After trying Baobab a few months ago, I was keen to eat at the competition just a few metres down the road. In the absence of a set lunch deal, we ordered three dishes between the three of us, with three different juices: Hibiscus flower, ginger, tamarind. The hibiscus tasted of perfumed milk, like a bad memory of synthetically-flavoured shakes from the 80s, the tamarind one was spicy-sweet – though I usually prefer this as a thicker sauce with Indian chaat – and the ginger juice was punchy and refreshing.
The star dish was definitely the thebou dem, a melange of fish and vegetable stew on short-grained fried rice. The thebou yape and yassa were both served on white rice, the former with chunks of juicy lamb, the latter with prawns and lamb; all were accompanied by incredible batons of sweet potato or yam. These were the only three dishes that were available at 2pm on a Friday, and we had a similar experience at other African restaurants where three-quarters of the menu was just not available on that day. Dessert was lacklustre – dry bunuelos, like a deep-fried scone or muffin without a filling.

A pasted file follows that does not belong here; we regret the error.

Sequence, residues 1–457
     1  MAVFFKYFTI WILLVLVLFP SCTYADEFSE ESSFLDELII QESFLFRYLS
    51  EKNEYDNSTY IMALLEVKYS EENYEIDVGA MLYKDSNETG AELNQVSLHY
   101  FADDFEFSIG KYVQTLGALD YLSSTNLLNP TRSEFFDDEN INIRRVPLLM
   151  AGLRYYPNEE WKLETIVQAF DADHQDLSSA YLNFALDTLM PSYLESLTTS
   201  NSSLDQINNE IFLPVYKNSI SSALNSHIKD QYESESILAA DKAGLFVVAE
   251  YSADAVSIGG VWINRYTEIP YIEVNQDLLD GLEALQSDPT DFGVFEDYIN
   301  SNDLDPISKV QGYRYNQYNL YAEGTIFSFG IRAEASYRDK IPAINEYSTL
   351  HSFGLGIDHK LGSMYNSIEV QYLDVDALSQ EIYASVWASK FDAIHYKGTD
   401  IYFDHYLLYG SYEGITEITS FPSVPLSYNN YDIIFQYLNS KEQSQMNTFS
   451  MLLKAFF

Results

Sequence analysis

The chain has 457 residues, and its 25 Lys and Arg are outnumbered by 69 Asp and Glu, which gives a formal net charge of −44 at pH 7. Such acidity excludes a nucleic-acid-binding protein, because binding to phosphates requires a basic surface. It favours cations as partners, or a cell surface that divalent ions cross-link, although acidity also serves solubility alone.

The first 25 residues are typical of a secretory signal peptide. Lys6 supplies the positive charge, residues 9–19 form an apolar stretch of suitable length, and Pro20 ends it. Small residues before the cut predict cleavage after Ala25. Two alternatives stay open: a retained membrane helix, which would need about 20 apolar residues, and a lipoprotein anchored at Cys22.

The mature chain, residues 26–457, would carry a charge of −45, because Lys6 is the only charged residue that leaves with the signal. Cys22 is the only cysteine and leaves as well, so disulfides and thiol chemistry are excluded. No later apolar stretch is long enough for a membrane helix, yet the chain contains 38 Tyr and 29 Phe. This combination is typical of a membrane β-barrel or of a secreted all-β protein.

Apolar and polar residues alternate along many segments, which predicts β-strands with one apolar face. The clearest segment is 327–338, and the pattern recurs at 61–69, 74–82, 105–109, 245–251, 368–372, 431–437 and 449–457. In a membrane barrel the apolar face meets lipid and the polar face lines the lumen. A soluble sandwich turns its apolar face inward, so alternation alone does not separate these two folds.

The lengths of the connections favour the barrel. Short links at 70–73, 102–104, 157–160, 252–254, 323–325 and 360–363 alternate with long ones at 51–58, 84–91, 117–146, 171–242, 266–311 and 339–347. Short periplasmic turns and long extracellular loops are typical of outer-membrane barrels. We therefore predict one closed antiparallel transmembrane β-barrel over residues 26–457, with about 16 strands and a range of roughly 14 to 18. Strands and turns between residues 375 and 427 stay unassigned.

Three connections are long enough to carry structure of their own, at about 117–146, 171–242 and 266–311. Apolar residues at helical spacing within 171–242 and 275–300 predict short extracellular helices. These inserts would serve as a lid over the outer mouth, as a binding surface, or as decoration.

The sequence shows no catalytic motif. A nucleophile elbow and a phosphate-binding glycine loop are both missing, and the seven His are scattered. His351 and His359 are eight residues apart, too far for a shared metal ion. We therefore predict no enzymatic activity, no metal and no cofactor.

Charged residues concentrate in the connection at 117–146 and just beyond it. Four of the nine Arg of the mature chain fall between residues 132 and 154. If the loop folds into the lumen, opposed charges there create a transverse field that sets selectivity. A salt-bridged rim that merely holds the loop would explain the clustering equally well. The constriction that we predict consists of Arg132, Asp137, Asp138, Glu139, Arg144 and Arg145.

Service might be charmless but it is certainly quick, and the food here, for my money – under 10€ each – is better than the other big Senegalese joint in town: succulent meat, hearty portions and wonderful flavours.